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Britam Tower wins prestigious engineering award
The Britam Tower in Nairobi has been crowned best ‘MEP Engineering’ project at the Council on Tall Buildings and Urban Habitat (CTBUH) Awards.
The global award is the latest recognition for the scheme, which has raised sustainable standards for office buildings across the continent and last year became the first building in Kenya to receive an ‘EDGE’ sustainability certification.
Mechanical, electrical and public health (MEP) solutions for the project were provided by chapmanbdsp, a design and engineering consultancy which has worked on landmark projects around the world and has its headquarters in London.
The tower, the tallest building in Kenya, beat four other shortlisted projects – the Amorepacific headquarters in Seoul and the Raffles City in Hangzhou, both projects nominated by Arup, as well as 181 Fremont and the Salesforce Tower, two projects in San Francisco nominated by WSP - to win the overall category prize.
Ian Duncombe, Board Director at chapmanbdsp who led the project and accepted the award at a CTBUH conference in China on April 10, said: “We were up against some really stiff competition from the five shortlisted MEP projects so this is a fantastic achievement for the project and for chapmanbdsp in front of our peers on a global stage.”
Standing at 200 metres, the Britam tower was designed in collaboration with Gapp Architects and has a distinctive prismatic 3D geometry.
The building’s façade is a “veil” of ceramic rods which function as ‘brise-soleil’ shading that allow the office floors to be entirely naturally ventilated.
Engineering solutions included intelligent lighting controls, good solar control, natural ventilation for office floors and common areas and good daylighting.
The building a number of water conservation measures to make it less reliant on local utilities.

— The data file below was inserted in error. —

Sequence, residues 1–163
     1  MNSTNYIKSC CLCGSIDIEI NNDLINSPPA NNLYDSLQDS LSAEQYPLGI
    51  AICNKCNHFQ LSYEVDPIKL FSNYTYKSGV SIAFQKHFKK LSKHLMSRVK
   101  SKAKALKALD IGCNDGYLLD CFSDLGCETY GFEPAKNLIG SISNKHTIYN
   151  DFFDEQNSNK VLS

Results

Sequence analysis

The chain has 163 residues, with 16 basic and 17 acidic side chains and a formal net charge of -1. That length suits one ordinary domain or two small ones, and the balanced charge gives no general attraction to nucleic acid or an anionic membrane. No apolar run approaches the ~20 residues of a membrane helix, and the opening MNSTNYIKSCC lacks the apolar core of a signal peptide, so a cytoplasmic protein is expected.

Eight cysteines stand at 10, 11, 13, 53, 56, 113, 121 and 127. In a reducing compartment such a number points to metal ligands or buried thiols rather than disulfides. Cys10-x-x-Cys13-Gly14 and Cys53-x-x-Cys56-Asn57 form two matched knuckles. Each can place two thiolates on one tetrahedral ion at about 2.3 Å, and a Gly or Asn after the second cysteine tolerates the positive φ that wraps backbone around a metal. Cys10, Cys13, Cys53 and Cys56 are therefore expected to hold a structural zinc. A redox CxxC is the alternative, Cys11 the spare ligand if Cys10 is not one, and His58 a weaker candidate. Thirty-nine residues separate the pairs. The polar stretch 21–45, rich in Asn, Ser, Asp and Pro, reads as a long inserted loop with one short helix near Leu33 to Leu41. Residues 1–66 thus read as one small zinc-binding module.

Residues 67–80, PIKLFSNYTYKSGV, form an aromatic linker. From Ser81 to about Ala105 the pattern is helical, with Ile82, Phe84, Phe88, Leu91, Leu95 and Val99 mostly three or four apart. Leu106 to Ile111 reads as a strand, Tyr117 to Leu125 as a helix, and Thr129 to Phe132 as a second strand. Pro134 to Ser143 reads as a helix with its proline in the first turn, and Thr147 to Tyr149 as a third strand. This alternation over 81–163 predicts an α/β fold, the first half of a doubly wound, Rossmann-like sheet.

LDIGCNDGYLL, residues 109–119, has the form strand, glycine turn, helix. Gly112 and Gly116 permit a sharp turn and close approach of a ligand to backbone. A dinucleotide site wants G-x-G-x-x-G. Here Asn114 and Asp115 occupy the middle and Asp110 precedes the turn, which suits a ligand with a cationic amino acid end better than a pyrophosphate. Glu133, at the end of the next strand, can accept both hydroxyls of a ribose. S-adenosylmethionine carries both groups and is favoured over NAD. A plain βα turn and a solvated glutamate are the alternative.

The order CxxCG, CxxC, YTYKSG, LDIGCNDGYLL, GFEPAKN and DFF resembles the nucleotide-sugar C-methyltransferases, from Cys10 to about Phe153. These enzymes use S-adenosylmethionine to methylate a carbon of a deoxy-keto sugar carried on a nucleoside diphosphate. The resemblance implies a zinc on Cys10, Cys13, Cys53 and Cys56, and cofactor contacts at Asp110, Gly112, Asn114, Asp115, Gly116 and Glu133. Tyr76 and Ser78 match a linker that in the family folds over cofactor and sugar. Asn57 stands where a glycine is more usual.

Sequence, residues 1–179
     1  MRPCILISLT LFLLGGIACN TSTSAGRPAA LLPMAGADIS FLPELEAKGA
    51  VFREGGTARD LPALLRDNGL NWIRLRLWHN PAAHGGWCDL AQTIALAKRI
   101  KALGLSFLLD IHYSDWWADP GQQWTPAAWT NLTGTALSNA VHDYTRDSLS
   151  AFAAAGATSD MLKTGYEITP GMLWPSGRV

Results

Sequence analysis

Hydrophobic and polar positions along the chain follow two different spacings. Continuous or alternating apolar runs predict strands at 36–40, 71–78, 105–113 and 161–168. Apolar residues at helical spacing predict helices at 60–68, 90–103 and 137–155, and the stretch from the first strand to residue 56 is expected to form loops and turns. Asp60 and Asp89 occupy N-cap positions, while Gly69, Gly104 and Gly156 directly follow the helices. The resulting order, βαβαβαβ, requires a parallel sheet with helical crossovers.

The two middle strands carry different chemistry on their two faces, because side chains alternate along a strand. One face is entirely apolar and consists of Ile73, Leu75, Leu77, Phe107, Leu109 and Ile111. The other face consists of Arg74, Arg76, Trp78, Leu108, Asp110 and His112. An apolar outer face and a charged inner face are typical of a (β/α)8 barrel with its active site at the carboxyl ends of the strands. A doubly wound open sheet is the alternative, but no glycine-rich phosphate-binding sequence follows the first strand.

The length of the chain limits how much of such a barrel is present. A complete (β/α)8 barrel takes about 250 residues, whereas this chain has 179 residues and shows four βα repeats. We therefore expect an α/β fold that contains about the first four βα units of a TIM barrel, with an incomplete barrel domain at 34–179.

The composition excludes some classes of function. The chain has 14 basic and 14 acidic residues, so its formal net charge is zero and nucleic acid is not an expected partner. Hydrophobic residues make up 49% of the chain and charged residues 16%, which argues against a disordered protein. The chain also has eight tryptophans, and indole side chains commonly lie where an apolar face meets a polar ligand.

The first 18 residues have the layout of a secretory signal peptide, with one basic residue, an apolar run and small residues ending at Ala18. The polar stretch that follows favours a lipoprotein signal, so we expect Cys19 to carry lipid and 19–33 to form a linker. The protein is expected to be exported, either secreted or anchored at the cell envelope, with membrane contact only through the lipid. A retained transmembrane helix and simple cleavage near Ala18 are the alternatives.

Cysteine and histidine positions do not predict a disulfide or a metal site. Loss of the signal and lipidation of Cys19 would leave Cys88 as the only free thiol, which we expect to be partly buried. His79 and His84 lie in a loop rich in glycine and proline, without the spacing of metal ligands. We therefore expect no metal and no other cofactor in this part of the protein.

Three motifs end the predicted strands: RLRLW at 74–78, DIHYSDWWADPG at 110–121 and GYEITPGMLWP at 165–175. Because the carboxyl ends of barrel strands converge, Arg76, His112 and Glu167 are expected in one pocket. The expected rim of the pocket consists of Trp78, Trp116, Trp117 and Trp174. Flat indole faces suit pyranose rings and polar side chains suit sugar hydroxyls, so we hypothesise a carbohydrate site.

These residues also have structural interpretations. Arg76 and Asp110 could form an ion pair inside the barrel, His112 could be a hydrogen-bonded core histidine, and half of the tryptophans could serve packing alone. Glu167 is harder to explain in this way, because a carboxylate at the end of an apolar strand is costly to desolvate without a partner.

Fire engineering and vertical transport solutions for the project were also provided by chapmanbdsp.
Last year, the tower became the first building in Kenya to receive ‘EDGE’ (Excellence in Design for Greater Efficiencies) certification, an internationally recognised sustainability scheme which is backed by the World Bank Group and awarded to building owners who demonstrate a high level of resource efficiency in their buildings.
On its website, the CTBUH praised the project for achieving: “A strategic balance of rainwater harvesting, ventilation strategies and passive heat mitigation strategies [which] saved 39 per cent of energy and 50 per cent on water use compared to a typical building. The ‘veil’ façade solution – consisting of a 50-millimetre-square ceramic rods in front of a full-height glass curtain wall with ‘selective’ glass, let in significantly more light than heat.”
A spokesman for Britam, a finance company which has offices across Africa, said: ‘‘We were so proud to see our vision realised by the whole team. The work chapmanbdsp did on environmental solutions answered the brief, transformed the project and gave us a legacy we can all be proud of.”
PHOTOS COURTSEY OF GAPP ARCHITECTS.
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